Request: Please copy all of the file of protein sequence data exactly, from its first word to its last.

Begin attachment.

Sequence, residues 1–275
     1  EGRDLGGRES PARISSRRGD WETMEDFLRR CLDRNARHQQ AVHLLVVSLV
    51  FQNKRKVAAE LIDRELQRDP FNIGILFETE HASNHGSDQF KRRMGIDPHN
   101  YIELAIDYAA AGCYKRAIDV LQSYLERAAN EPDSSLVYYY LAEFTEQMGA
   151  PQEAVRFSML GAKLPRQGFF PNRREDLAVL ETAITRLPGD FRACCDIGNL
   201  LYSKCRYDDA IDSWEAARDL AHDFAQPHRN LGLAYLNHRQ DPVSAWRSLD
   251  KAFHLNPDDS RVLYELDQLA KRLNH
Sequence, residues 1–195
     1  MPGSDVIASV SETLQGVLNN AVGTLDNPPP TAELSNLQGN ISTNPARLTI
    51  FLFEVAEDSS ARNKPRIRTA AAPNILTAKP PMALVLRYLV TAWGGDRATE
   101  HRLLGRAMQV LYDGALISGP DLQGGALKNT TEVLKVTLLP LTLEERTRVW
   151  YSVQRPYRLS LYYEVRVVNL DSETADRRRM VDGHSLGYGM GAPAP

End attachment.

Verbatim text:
Sequence, residues 1–275
     1  EGRDLGGRES PARISSRRGD WETMEDFLRR CLDRNARHQQ AVHLLVVSLV
    51  FQNKRKVAAE LIDRELQRDP FNIGILFETE HASNHGSDQF KRRMGIDPHN
   101  YIELAIDYAA AGCYKRAIDV LQSYLERAAN EPDSSLVYYY LAEFTEQMGA
   151  PQEAVRFSML GAKLPRQGFF PNRREDLAVL ETAITRLPGD FRACCDIGNL
   201  LYSKCRYDDA IDSWEAARDL AHDFAQPHRN LGLAYLNHRQ DPVSAWRSLD
   251  KAFHLNPDDS RVLYELDQLA KRLNH
Sequence, residues 1–195
     1  MPGSDVIASV SETLQGVLNN AVGTLDNPPP TAELSNLQGN ISTNPARLTI
    51  FLFEVAEDSS ARNKPRIRTA AAPNILTAKP PMALVLRYLV TAWGGDRATE
   101  HRLLGRAMQV LYDGALISGP DLQGGALKNT TEVLKVTLLP LTLEERTRVW
   151  YSVQRPYRLS LYYEVRVVNL DSETADRRRM VDGHSLGYGM GAPAP